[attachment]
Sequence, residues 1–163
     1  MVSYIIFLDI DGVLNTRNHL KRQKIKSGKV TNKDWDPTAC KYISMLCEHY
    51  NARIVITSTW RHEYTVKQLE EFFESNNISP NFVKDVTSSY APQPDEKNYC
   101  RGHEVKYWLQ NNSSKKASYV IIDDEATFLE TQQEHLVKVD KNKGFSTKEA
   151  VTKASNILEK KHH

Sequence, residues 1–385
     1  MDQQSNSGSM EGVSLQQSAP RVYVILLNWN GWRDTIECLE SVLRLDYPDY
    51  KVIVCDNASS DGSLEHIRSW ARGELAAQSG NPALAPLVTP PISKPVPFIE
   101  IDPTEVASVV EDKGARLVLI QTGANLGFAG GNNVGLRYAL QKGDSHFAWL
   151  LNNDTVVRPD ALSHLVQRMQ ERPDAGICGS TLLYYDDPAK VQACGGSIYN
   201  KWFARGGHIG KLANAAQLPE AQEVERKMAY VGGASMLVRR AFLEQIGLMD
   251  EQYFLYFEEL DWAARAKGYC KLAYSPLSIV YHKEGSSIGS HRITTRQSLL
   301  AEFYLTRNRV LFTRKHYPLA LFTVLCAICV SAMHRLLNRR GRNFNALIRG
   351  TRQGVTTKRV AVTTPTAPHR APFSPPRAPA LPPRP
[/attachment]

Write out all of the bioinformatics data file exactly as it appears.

Sequence, residues 1–163
     1  MVSYIIFLDI DGVLNTRNHL KRQKIKSGKV TNKDWDPTAC KYISMLCEHY
    51  NARIVITSTW RHEYTVKQLE EFFESNNISP NFVKDVTSSY APQPDEKNYC
   101  RGHEVKYWLQ NNSSKKASYV IIDDEATFLE TQQEHLVKVD KNKGFSTKEA
   151  VTKASNILEK KHH

Sequence, residues 1–385
     1  MDQQSNSGSM EGVSLQQSAP RVYVILLNWN GWRDTIECLE SVLRLDYPDY
    51  KVIVCDNASS DGSLEHIRSW ARGELAAQSG NPALAPLVTP PISKPVPFIE
   101  IDPTEVASVV EDKGARLVLI QTGANLGFAG GNNVGLRYAL QKGDSHFAWL
   151  LNNDTVVRPD ALSHLVQRMQ ERPDAGICGS TLLYYDDPAK VQACGGSIYN
   201  KWFARGGHIG KLANAAQLPE AQEVERKMAY VGGASMLVRR AFLEQIGLMD
   251  EQYFLYFEEL DWAARAKGYC KLAYSPLSIV YHKEGSSIGS HRITTRQSLL
   301  AEFYLTRNRV LFTRKHYPLA LFTVLCAICV SAMHRLLNRR GRNFNALIRG
   351  TRQGVTTKRV AVTTPTAPHR APFSPPRAPA LPPRP